Is Sirius XM Really Worth $3 A Share?

| About: Sirius XM (SIRI)

I recently wrote an article about why Liberty Media (NASDAQ:LMCA) would want to buy SiriusXM (NASDAQ:SIRI). I probably should have been better prepared to address the inevitable comments about why some Sirius investors thought the price should be $3 to $4 a share and the questions about how much Liberty would be willing to pay. This is especially important with the recent run-up in the price of Sirius since the beginning of the year.

So far this year (through January 17th) Sirius has surged more than 18% from $1.82 to $2.16. The performance has been helped by an announcement by the company that fourth quarter 2011 subscriber net additions came in at 540,000 and that the full year total was 1.7 million, beating the company's guidance of 1.6 million. In addition, within the past week Barrington Research issued a report with a $3 price target for 2012.

When Greg Maffei, Liberty CEO, spoke at the Citi 2012 Entertainment, Media and Telecommunications Conference on January 4th, he talked about the company's alternatives with its investment in Sirius. On that date the shares of Sirius had closed at $1.83. Maffei thought the stock of Sirius was expensive, but that it would "grow into that valuation," and that the cash flows (NYSE:FCF) will "grow dramatically over the next three years."

Several months ago Sirius issued guidance for 2012, and re-iterated it when they announced the 1.7 million net adds. That guidance included:

    • Revenue growth of 10% to approximately $3.3 billion,

    • Adjusted EBITDA growth of 20% to approximately $860 million, and

    • Free cash flow growth of 75% to approximately $700 million.

Clearly, 75% growth in FCF is dramatic. But if $1.83 per share was expensive, how does Liberty view $2.16? And, more importantly, how much should they be willing to pay? Classical investment analysis would project out the future net cash flows of the business and discount the stream back to the present using a risk adjusted cost of capital. It is a difficult and painstaking effort and is the reason that many analysts choose to use P/E multiples, earnings estimates and comparing the multiples to similar or peer companies.

Another approach that might be considered reasonable is to use a multiple of FCF or consider what a reasonable return on an investment should be. There are a total of 6.5-7 billion fully diluted shares of Sirius. (The number varies depending on the share price, options and the convertible bond). With 2012 FCF projected at $700 million, which comes to about a dime a share. If the FCF doubles, it is still only about twenty cents a share, and it is likely to take some time to get there.

How much would you be willing to pay for twenty cents a year? Well, if you want a 10% return on your investment, you would pay $2; if you want 15%, you would only pay $1.33.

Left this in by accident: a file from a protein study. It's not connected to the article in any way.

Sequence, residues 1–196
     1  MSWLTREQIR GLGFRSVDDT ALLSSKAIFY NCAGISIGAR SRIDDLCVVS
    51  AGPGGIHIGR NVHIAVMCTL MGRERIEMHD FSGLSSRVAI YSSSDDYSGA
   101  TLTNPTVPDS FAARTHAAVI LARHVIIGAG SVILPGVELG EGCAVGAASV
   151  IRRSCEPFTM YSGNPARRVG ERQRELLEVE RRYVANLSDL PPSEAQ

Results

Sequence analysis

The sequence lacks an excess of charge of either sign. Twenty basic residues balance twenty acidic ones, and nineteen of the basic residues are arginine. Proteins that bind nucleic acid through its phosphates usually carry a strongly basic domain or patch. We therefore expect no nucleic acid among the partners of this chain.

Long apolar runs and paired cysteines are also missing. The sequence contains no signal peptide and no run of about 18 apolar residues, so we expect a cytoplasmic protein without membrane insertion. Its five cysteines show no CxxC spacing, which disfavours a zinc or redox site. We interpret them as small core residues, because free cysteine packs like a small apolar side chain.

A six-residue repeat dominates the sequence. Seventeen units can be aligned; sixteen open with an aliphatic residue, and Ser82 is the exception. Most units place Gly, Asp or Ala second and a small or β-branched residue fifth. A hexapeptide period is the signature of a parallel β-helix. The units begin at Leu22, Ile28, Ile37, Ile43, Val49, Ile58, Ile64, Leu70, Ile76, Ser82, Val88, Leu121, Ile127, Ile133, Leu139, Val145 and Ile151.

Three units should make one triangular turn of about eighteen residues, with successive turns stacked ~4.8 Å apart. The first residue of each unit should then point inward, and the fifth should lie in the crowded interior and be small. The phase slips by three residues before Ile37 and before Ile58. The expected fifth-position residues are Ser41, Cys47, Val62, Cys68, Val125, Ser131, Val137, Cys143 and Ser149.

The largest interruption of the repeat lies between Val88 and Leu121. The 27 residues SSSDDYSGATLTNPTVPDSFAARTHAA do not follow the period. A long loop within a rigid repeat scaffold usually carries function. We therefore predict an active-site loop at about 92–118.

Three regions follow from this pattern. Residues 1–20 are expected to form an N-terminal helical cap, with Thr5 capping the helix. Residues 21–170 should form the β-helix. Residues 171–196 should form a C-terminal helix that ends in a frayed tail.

In order to get to a $3 valuation, one needs to assume a very low return or a very high FCF number. $2 billion in FCF and an expected return of 10% will get you there. So would $1.4 billion and an expected return of about 6.5%. Most investors are looking for much more than a 6.5% return, and Sirius isn't yet close to generating $1.4 billion in FCF, let alone $2 billion.

Could Barrington be correct and could Sirius see a price of $3? Yes, stock prices frequently get overvalued. One only has to look at the NASDAQ before the Internet bubble burst. It passed 5000 and more than a decade later it is half that amount. The Nikkei 225 reached an all time high of nearly 40,000 in late 1989 and is currently less than a quarter of that amount. In hindsight, those indices were overvalued. There will always be analysts that can give justifications why prices are where they are, but in the end, the prices will reflect the current and future earnings and cash generating capabilities of a company.


When Maffei said he expected Sirius to grow into its current valuation, the stock was trading at $1.83. When he stated that he expected cash flows to increase dramatically over the next several years, it was from a base of $400 million. Should investors expect Liberty to pay $3 or more per share to gain control of Sirius? Well, that doesn't seem very likely. As a Sirius investor, I will be pleasantly surprised to see a price close to $2.50.

Disclosure: I am long SIRI. I also have $3 January 2012 covered calls against most of my Sirius position. I may initiate (or close) a buy stock/sell option position in Sirius, discussed in another recent article, at any time. I have no positions or plans to trade any of the other stocks mentioned in this article in the next 72 hours.